Florence still raging against the machine


Sidney Myer Music Bowl, January 18 


I don't know if Florence Welch had heard of the death of Aiia Maasarwe, but her music on Friday night offered a salve for a city in mourning.

The star of Florence and the Machine took the stage at the soldout Sidney Myer Music Bowl only a few hours after Melburnians carried flowers to a vigil for the international student.

Barefoot and wearing a flowing sheer peach dress, Welch opened the show with the first track on her latest album, the melancholic June, before launching into the powerful anthemic Hunger.

Florence Welch spoke about toxic masculinity at the Sydney Myer Music bowl on Friday night. Credit:Isabelle Haubrich

However, it was when Welch introduced Patricia, dedicated to musician Patti Smith, that she seemed to speak to Melbourne's pain.

The song famously describes Smith as Welch's North Star, but the singer told the crowd part of the song is "definitely not" about Smith.

"It's kind of about toxic masculinity," she said. "There is not a lot of toxic masculinity at a Florence and the Machine show. If you are here you probably really believe in women so thank you, sing it with us, rage with us this evening."

The crowd sang along with Welch's soaring and haunting vocals. "You're a real man, and you do what you can / You only take as much as you can grab with two hands / With your big heart, you praise God above / But how's it working out for you, honey? Do you feel loved?"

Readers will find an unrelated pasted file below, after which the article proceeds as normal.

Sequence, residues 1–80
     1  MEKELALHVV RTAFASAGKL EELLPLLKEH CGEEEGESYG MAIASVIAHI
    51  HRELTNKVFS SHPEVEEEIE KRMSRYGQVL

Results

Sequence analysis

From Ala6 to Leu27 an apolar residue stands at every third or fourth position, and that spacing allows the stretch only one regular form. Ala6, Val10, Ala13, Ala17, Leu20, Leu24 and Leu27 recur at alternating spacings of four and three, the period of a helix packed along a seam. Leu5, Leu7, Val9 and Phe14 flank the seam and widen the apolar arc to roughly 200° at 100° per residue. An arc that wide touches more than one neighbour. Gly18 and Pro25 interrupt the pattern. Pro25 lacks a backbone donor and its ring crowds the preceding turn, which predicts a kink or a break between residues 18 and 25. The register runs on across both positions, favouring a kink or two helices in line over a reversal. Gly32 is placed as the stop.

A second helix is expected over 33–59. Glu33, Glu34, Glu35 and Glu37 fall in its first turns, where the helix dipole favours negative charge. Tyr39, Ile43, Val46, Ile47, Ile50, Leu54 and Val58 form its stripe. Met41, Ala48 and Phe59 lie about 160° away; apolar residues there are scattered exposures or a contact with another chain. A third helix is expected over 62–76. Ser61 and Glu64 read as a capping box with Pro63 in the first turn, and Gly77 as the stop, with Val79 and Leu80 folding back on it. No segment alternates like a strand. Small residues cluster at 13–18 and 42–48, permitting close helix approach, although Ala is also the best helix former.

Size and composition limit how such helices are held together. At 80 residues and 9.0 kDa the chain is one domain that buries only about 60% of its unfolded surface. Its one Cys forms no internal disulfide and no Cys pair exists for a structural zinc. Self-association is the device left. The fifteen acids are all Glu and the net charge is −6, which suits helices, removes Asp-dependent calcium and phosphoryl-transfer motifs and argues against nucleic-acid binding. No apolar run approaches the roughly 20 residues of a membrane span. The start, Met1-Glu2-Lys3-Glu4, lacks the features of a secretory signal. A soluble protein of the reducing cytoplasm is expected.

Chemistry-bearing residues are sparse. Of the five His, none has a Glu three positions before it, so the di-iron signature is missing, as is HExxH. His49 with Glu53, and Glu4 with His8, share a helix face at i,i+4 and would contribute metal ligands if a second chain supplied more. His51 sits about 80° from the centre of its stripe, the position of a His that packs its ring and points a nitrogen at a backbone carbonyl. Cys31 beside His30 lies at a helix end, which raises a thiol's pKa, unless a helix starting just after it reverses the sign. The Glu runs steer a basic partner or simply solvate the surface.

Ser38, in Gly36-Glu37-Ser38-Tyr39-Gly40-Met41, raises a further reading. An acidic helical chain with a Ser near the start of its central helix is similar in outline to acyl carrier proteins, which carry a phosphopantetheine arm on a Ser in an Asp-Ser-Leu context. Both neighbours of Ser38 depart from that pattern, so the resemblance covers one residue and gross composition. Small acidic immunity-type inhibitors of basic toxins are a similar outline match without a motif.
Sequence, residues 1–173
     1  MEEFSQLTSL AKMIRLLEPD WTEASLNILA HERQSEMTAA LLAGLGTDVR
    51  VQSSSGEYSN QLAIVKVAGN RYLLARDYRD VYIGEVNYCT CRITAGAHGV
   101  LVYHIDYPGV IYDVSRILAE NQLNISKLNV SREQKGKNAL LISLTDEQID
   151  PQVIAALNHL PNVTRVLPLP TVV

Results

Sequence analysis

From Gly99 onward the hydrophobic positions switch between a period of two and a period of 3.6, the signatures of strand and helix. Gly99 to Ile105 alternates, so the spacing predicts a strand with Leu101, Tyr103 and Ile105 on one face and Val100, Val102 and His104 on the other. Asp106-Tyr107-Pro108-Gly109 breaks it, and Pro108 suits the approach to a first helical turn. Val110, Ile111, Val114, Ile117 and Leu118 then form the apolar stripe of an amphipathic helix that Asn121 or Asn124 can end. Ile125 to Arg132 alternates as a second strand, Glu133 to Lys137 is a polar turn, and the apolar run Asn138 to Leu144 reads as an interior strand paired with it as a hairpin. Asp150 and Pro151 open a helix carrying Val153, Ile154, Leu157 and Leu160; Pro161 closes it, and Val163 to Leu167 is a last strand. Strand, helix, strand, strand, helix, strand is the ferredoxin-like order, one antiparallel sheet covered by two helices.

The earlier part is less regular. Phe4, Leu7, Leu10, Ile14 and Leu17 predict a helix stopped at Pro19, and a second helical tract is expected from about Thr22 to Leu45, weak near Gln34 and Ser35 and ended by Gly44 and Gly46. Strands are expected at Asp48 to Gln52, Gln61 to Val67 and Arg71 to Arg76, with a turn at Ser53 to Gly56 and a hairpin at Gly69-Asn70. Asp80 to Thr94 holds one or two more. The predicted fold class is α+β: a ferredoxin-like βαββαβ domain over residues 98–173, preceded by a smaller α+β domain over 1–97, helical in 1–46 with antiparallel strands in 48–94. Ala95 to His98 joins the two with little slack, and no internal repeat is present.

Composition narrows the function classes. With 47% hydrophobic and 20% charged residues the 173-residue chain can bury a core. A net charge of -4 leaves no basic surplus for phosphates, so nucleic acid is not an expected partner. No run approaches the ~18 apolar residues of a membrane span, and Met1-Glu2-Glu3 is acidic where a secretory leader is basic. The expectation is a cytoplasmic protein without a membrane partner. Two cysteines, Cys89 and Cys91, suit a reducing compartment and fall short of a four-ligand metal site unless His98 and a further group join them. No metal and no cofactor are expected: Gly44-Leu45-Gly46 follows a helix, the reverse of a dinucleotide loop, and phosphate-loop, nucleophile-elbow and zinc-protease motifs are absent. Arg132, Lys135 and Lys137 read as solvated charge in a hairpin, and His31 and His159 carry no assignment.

I've seen Florence and the Machine three times over the years and each time they have delivered a consummate show interspersing new songs with classics like Patricia, Dog Days and Ship to Wreck.

Welch is clearly the stand-out of the tight eight-piece band and she carried the crowd with her as she jumped and twirled around the stage executing balletic spins and dancing into the audience.

At one stage she warned "this is a very active show" but she wasn't just referring to her own dancing.

Instead she requested the crowd hold hands for one song, hug each other for another and finally, and "most confrontingly", for everyone to put their phones away to create a genuine moment not recorded by anyone.

Welch said she wanted to create a "collective consciousness" after what has been "a really, really rough couple of years" for the world.

"It seems there is a lot of pain everywhere," she said.

However, Welch's message was one of hope despite the pain as she ran into the crowd again to embrace fans for her fiery song What Kind of Man.

"My heart is hurting as I'm sure many of yours are on a daily basis but I just wanted to say to you please do not give up hope, please keep showing up, please keep doing what you can because hope is an action," she said to thunderous applause. "Change and a revolution in consciousness starts with individuals."

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